This is the left hand side. These 2 terminals have a T handle that screws off so that connections to the battery bank can be accessed from the outside of the tote. These connections are not metered through the battery amp meter on the front. I put these connections on for those “what if” moments.
What if I had more batteries?
What if I need high amperage DC, like jump starting a car?
What if the batteries are dead and there’s not enough solar to charge the battery bank and i need to connect a charger?
These connections can be used to put power in, or take it out. Just as if connecting directly to the terminals on a battery. It would be best to use a ring terminal held on with the T handle, but if I needed to use jumper cables I have a set of lugs that screw onto the bolts that look like battery terminals. This way I don’t damage the bolts.
This is the right side. In the middle you see the connections for the solar panels with screw on knobs. These are solar power in only connections.
On the right side the outlet covers say 120 AC. This is a normal outlet just like in your house.
On the left under that cover there are 2 different connectors. One says 12v, it is a port like you have in your car. It’s a cigarette lighter, or accessory port style connection. The other one says USB. Under this cover is 2 female USB ports for charging a USB device. Under the USB ports there is a switch that says USB POWER. The USB ports are not on all the time, they are turned on when needed because converting from 12v to 5v USB uses power even when nothing is connected.
This is the back. What you are seeing is 5 fans. These are small fans that I took out of dead frequency drives. You can find fans like this on eBay or a computer parts store. The left 2 and the right 2 are connected in parallel. Those are connected to a thermostat inside the tote. The middle fan is connected to the solar input. When the panels are producing power and charging the battery bank the batteries produce hydrogen. So to keep the hydrogen from building up in the box one fan is connected directly to the solar panels to keep some air moving through the tote.
This is a view of the upper level. I cut a piece of ¼ inch plywood to make a place to mount everything, and painted it white. Then I hinged it to the back of the tote. You see on the right side all the controls. On the left side is empty space. For now I have a plastic box with extra parts and items to use on the tote. On top the plastic box is a timer controlled power strip, I will use that to control my Christmas lights. There is also a white board that I use to hold the shelf up when I need to work under it.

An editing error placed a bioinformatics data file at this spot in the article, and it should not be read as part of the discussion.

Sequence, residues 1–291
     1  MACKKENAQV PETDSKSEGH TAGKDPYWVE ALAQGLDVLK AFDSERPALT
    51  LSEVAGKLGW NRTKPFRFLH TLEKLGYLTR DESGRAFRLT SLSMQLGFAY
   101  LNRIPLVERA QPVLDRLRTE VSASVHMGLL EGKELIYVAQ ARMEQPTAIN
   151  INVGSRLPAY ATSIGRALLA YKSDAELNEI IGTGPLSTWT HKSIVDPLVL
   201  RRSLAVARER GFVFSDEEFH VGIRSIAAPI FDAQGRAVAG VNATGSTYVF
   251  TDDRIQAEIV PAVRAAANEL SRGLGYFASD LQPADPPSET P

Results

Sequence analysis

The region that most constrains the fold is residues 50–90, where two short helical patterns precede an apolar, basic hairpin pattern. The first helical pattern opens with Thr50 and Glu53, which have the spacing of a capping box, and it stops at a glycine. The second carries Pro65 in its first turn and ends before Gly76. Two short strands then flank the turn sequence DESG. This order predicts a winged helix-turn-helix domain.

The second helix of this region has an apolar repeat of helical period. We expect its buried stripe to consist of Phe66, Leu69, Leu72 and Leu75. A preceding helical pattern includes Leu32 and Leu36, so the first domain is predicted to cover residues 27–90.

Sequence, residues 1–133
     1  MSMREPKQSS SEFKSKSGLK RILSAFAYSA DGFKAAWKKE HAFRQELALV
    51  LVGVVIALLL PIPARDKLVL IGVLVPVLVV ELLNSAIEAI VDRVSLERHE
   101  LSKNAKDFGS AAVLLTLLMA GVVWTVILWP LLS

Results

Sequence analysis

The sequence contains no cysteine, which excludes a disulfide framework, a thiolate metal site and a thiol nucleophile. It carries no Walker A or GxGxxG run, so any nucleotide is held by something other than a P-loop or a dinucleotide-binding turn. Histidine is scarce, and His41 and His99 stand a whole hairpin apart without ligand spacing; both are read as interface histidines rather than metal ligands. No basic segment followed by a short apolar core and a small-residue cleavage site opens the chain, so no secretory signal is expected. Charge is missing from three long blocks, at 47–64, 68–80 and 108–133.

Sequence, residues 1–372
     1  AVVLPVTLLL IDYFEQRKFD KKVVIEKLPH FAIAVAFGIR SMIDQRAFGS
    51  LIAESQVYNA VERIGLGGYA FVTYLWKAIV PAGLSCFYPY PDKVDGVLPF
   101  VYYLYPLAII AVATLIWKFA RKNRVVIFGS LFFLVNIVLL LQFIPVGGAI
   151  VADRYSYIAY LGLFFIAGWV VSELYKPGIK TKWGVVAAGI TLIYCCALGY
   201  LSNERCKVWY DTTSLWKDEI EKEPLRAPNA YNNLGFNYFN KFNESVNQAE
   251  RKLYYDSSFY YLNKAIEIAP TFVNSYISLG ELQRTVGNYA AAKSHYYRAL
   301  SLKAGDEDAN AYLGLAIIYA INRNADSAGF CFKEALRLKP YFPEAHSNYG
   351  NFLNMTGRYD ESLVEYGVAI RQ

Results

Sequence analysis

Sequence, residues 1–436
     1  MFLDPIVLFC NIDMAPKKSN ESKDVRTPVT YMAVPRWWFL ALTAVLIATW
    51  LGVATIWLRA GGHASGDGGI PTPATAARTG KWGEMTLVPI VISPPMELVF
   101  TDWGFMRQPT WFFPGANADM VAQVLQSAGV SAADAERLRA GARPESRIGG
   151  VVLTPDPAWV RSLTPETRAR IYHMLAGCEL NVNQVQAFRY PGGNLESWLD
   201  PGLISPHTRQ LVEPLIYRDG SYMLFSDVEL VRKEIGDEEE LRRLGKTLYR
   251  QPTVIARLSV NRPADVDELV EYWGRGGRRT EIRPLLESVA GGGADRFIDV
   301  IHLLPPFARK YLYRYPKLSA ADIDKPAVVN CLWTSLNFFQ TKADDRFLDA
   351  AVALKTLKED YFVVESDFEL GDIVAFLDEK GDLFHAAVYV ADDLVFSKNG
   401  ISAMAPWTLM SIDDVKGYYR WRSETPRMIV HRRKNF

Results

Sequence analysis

The last picture is a view of the inside of the lid. In the middle there is a thermostat that controls the fans to remove heat.
This is a view under the shelf. There are 2 batteries under here. I put them in their own battery boxes just in case one of them should leak it won’t damage anything in the tote. I only have 2 batteries now, but I believe that I can fit 3 battery boxes in the tote. If I did not use battery boxes, I believe that I could get 4 batteries in this tote. With these 2 batteries I have 228 amp hours of storage.
The shelf does not rest on the battery boxes; there are 2 shelf supports to hold the front edge. There is a ½ inch gap between the top of the battery boxes and the bottom of the shelf.
This step has the wiring diagrams. I posted an image of the diagram, and also a .dwg file. The .dwg file can be opened with AutoCAD or draftsight. If you don’t have AutoCAD you can download draftsight for free at:
I use draftsight for all my drawings that you see in my instructables.